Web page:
Share this article on:

Effects of Exercise during Adjuvant Chemotherapy on Breast Cancer Outcomes

COURNEYA, KERRY S.1; SEGAL, ROANNE J.2; MCKENZIE, DONALD C.3; DONG, HUIRU1; GELMON, KAREN3,4; FRIEDENREICH, CHRISTINE M.5; YASUI, YUTAKA1; REID, ROBERT D.6; CRAWFORD, JENNIFER J.1; MACKEY, JOHN R.1,7

Medicine & Science in Sports & Exercise: September 2014 - Volume 46 - Issue 9 - p 1744–1751
doi: 10.1249/MSS.0000000000000297
Epidemiology

Observational studies suggest that physical activity after a breast cancer diagnosis is associated with improved cancer outcomes; however, no randomized data are available. Here, we report an exploratory follow-up of cancer outcomes from the Supervised Trial of Aerobic versus Resistance Training (START).

Methods: The START was a Canadian multicenter trial that randomized 242 breast cancer patients between 2003 and 2005 to usual care (n = 82), supervised aerobic (n = 78), or resistance (n = 82) exercise during chemotherapy. The primary end point for this exploratory analysis was disease-free survival (DFS). Secondary end points were overall survival, distant DFS, and recurrence-free interval. The two exercise arms were combined for analysis (n = 160), and selected subgroups were explored.

Results: After a median follow-up of 89 months, there were 25/160 (15.6%) DFS events in the exercise groups and 18/82 (22.0%) in the control group. Eight-year DFS was 82.7% for the exercise groups compared with 75.6% for the control group (HR, 0.68; 95% confidence interval (CI), 0.37–1.24; log-rank, P = 0.21). Slightly stronger effects were observed for overall survival (HR, 0.60; 95% CI, 0.27–1.33; log-rank, P = 0.21), distant DFS (HR, 0.62; 95% CI, 0.32–1.19; log-rank, P = 0.15), and recurrence-free interval (HR, 0.58; 95% CI, 0.30–1.11; Gray test, P = 0.095). Subgroup analyses suggested potentially stronger exercise effects on DFS for women who were overweight/obese (HR, 0.59; 95% CI, 0.27–1.27), had stage II/III cancer (HR, 0.61; 95% CI, 0.31–1.20), estrogen receptor-positive tumors (HR, 0.58; 95% CI, 0.26–1.29), human epidermal growth factor receptor 2-positive tumors (HR, 0.21; 95% CI, 0.04–1.02), received taxane-based chemotherapies (HR, 0.46; 95% CI, 0.19–1.15), and ≥85% of their planned chemotherapy (HR, 0.50; 95% CI, 0.25–1.01).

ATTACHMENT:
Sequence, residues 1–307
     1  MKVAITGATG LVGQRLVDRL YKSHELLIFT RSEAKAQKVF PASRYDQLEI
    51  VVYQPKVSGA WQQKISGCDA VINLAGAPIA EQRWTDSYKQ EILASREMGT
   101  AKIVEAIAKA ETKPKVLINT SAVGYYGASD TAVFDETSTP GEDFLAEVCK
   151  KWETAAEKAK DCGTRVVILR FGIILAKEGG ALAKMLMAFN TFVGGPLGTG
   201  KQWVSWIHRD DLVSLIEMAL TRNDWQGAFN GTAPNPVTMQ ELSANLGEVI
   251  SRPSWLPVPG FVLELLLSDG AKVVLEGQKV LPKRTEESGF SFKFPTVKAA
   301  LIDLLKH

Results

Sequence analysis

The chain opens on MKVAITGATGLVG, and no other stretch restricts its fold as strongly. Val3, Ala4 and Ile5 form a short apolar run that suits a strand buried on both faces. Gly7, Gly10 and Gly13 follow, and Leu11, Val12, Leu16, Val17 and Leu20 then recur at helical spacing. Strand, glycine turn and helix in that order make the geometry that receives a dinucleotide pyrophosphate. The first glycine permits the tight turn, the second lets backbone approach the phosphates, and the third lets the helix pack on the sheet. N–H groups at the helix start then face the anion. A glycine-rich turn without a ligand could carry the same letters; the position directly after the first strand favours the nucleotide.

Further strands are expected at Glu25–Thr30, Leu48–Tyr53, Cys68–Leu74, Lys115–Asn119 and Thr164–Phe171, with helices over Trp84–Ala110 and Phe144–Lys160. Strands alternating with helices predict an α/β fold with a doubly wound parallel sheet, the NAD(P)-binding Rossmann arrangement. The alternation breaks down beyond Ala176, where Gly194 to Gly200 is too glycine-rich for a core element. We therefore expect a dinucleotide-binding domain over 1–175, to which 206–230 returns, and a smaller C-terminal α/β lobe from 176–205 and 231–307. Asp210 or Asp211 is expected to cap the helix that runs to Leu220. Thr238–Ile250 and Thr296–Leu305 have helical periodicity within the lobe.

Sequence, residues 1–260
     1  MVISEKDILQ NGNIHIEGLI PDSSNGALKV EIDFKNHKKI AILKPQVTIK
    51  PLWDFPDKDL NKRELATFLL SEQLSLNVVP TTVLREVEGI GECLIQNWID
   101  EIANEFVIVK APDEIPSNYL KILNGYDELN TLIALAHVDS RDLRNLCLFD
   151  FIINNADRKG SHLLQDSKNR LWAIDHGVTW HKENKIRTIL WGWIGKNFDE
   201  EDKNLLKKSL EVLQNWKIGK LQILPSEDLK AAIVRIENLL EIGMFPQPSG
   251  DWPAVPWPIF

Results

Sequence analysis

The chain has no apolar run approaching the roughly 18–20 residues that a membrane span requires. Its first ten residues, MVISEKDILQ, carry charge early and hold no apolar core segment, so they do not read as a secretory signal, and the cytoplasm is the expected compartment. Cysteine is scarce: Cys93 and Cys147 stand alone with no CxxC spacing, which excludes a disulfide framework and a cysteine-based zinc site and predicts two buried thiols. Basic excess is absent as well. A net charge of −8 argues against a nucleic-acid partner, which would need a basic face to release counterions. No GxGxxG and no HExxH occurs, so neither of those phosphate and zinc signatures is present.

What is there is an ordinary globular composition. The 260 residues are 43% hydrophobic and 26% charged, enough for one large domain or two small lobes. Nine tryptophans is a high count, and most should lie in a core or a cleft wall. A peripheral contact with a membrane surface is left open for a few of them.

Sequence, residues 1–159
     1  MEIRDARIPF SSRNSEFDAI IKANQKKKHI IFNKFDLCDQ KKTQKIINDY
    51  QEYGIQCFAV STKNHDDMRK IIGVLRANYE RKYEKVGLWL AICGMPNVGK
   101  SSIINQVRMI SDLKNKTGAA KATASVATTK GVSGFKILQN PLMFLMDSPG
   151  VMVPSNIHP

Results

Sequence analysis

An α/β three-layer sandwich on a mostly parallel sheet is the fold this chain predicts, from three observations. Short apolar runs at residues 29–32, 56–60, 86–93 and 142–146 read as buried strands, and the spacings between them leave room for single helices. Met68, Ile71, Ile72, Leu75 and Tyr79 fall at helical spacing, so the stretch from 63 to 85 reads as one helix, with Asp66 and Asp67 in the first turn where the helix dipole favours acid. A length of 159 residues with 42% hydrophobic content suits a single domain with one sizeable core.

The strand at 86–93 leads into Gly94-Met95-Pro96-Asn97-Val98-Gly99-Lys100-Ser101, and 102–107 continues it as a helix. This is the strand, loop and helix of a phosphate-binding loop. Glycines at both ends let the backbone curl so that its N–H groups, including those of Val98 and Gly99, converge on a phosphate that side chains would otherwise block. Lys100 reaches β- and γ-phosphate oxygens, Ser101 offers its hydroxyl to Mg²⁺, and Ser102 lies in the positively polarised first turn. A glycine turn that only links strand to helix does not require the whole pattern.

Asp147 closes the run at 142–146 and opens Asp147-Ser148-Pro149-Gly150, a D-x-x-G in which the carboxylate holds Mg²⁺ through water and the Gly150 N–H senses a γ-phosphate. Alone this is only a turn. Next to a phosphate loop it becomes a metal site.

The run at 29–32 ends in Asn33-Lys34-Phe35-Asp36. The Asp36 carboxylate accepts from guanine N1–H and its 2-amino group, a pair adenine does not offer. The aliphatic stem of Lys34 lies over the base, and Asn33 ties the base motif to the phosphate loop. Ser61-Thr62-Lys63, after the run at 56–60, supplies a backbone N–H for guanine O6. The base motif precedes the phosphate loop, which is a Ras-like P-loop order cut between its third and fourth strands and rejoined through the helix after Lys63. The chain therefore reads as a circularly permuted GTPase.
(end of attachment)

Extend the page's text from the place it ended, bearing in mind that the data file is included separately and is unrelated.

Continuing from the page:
Conclusions: This exploratory follow-up of the START provides the first randomized data to suggest that adding exercise to standard chemotherapy may improve breast cancer outcomes. A definitive phase III trial is warranted.

1Faculty of Physical Education, University of Alberta, Edmonton, Alberta, CANADA; 2Ottawa Hospital Regional Cancer Center, Ottawa, Ontario, CANADA; 3School of Kinesiology, University of British Columbia, Vancouver, British Columbia, CANADA; 4British Columbia Cancer Agency, Vancouver, British Columbia, CANADA; 5Department of Cancer Epidemiology and Prevention Research, Alberta Health Services, Calgary, Alberta, CANADA; 6University of Ottawa Heart Institute, Ottawa, Ontario, CANADA; and 7Cross Cancer Institute, Edmonton, Alberta, CANADA

Address for correspondence: Kerry S. Courneya, Ph.D., E-488 Van Vliet Center, Faculty of Physical Education and Recreation, University of Alberta, Edmonton, Alberta, Canada, T6G 2H9; E-mail: kerry.courneya@ualberta.ca.

Submitted for publication December 2013.

Accepted for publication January 2014.

© 2014 American College of Sports Medicine